While there’s been no shortage of development related to automobiles, the items getting the most advertising lately are in the area of performance, alternative fuels and increasing gas mileage. But that’s not all. Auto makers are investigating ways to implement technology to transform the driving experience. From auto pilot to butt identification, the new ways to change the driving experience are about to really shake things up.
Lately Ford Motor Company has been out in front with a comprehensive touch-screen system, scheduled to get an extensive upgrade this month. The system, according to reports, replaced the knobs and buttons with a touch screen interface, voice commands and steering wheel-mounted controls. These include climate controls, navigation, reverse camera, entertainment, hands-free communications and a customizable display where the speedometer is usually located. Critics say Ford rolled out this super system too soon and its glitches have seriously dented the automaker’s customer satisfaction ratings. The upgrade, which should fix the problems, includes a redesign of hundreds of screens, using larger buttons and fonts.
Also out in front for the near future are autopilot-type strategies for parking. The automatic parking now available gives the driver the option of an assist, with the car parallel parking itself if the driver chooses, a possible advantage in tight spots or for people just not good at the mechanics of parking. But General Motor’s recently announced its idea is to have the car drop the driver off curbside, find an open parking space and park itself, returning to pick up the driver when activated later by a smartphone app. An interesting twist, but how many people are really ready for the car to self-valet?
An interesting, though less science fiction type, vehicle addition is the economy mode. This has been added to many cars and is designed to switch off or turn down non-essential systems. Cars with this feature, which include some Ford, Lexus, Infiniti and Mercedes models, have an economy button that, when pushed, increases fuel efficiency, decreases the load of the air conditioning on the engine, adjusts the electrical system of the car and improves the operating efficiency of the engine.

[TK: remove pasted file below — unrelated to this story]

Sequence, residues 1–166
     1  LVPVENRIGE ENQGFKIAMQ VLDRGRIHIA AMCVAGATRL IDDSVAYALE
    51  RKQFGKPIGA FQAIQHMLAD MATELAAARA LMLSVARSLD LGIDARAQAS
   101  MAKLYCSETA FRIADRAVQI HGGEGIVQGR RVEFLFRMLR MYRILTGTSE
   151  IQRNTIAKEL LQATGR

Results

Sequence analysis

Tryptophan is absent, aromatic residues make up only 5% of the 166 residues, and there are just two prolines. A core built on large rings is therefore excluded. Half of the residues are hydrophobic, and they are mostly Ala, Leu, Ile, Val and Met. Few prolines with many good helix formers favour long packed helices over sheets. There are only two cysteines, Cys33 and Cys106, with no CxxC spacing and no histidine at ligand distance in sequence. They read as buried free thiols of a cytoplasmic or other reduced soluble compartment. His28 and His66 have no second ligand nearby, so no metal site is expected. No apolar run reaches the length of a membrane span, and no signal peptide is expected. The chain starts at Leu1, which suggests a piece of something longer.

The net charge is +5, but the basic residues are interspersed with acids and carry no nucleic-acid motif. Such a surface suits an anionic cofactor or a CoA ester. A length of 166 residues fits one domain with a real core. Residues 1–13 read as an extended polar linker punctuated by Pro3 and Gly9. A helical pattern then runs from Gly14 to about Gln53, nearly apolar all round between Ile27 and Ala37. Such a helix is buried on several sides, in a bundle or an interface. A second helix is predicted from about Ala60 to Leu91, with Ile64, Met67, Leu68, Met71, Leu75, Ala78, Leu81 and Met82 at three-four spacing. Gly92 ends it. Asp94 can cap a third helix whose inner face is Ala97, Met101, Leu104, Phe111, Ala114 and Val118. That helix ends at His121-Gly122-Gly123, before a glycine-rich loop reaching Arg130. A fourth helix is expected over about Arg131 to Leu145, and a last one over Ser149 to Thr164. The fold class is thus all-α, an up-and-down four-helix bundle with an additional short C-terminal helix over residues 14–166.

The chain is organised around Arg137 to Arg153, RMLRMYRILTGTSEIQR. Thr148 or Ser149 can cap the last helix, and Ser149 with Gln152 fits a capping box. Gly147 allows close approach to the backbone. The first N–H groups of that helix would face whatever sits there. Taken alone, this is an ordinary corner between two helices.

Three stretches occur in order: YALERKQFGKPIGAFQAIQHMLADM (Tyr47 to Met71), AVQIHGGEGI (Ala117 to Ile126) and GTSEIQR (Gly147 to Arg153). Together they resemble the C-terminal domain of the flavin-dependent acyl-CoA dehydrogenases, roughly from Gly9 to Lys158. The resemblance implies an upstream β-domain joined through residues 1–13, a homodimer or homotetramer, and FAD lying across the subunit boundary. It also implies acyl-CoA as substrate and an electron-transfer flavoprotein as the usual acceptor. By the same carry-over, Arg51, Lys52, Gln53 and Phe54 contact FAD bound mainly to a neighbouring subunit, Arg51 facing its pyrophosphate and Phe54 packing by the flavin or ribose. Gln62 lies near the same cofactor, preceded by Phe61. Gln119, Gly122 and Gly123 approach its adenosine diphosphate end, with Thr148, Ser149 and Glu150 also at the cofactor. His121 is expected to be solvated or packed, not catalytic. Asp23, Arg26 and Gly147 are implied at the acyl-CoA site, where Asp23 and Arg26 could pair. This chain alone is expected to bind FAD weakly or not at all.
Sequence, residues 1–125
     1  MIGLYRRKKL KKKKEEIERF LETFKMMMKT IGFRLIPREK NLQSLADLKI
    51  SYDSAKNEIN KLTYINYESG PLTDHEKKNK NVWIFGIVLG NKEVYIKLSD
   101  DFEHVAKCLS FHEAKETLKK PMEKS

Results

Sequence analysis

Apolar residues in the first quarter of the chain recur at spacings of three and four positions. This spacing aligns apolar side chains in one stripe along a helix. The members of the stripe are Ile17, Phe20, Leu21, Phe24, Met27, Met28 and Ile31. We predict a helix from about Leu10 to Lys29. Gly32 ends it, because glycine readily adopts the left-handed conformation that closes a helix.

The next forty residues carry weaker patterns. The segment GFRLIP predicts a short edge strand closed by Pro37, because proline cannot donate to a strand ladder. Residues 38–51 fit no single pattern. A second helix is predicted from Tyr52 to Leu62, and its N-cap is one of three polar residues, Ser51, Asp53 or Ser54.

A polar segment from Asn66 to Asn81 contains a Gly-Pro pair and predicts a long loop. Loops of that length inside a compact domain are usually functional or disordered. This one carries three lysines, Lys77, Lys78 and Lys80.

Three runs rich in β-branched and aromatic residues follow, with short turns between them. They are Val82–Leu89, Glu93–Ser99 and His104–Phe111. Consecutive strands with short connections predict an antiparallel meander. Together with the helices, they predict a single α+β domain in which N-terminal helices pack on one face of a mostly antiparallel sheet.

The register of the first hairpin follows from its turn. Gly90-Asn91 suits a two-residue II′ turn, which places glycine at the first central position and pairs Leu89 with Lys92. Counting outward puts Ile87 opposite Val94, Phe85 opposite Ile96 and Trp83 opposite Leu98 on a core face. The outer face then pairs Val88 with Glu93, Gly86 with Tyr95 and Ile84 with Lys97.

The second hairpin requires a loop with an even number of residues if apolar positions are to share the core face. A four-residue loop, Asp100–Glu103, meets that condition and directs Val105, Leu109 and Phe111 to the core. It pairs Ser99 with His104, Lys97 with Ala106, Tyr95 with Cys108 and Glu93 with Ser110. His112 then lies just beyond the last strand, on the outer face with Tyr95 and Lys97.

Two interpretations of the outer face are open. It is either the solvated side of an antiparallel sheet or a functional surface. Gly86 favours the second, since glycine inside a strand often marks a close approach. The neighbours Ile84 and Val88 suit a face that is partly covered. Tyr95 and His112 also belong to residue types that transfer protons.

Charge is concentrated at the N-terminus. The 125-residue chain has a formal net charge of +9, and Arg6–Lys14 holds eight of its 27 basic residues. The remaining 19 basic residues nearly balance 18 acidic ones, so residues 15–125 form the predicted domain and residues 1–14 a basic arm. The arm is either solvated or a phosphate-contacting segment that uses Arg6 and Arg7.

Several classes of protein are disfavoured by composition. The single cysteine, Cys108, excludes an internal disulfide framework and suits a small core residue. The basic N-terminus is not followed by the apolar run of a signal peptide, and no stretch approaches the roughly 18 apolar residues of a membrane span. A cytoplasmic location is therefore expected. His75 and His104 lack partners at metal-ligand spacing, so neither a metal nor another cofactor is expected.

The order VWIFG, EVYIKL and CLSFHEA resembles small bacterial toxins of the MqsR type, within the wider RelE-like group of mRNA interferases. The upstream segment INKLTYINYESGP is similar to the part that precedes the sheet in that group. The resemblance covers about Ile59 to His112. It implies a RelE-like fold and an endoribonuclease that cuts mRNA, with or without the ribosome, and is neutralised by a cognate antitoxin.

These changes in conjunction with driver changes – maintaining a constant speed in the city, using cruise control on the highway, and speeding and slowing smoothly – can reportedly increase fuel efficiency by as much as 24 percent, resulting in a significant monetary and natural resource savings.
Safety improvements keep coming too, with curtain airbags and run-flat tires topping the list. In many new models, airbags have been added over the windows in the car to provide safety from head injury for people in the front and rear seats. Run-flat tires, that maintain shape without air pressure, can keep a vehicle moving for an additional 50 miles or so, allowing the driver to choose where to stop to change it or request assistance. Instead of an arbitrary spot, repairs can be sought in a secure area with good mobile phone reception or at any other location with trusted assistance.
Now back to the inside of the car, soon to be equipped with touch-screen fabric.
According to Canadian researchers at the Polytechnic School, the fabric is designed to allow drivers to control automobile features by touching specific spots. So instead of a handle to change car seat position or a knob to change the radio volume, a passenger would just have to touch or swipe the fabric on their seat.
But by far the most interesting interior automobile innovation is coming from the Advanced Institute of Industrial Technology in Tokyo, Japan, where they are taking biometric recognition technology to, if not a new level, a new spot. Researchers there are working on a sensor system that identifies a person by their butt print. The technology measures the pressures and contours of a person’s posterior. It uses over 350 sensors to get the measurements, making accurate identifications about 98 percent of the time. Researchers see this as an added security feature for cars in the next few years.
While 98 percent seems significantly short of optimal, there are still some interesting applications for this technology. It could be used now as a way for drivers to save seat, mirror, steering wheel, air temperature, interior lighting and radio preference.
Just imagine, the driver sits down and the car moves everything around to the last recorded setting for that behind. ?Wonder if that feature is backward compatible with older models? Older model cars, that is, not butts.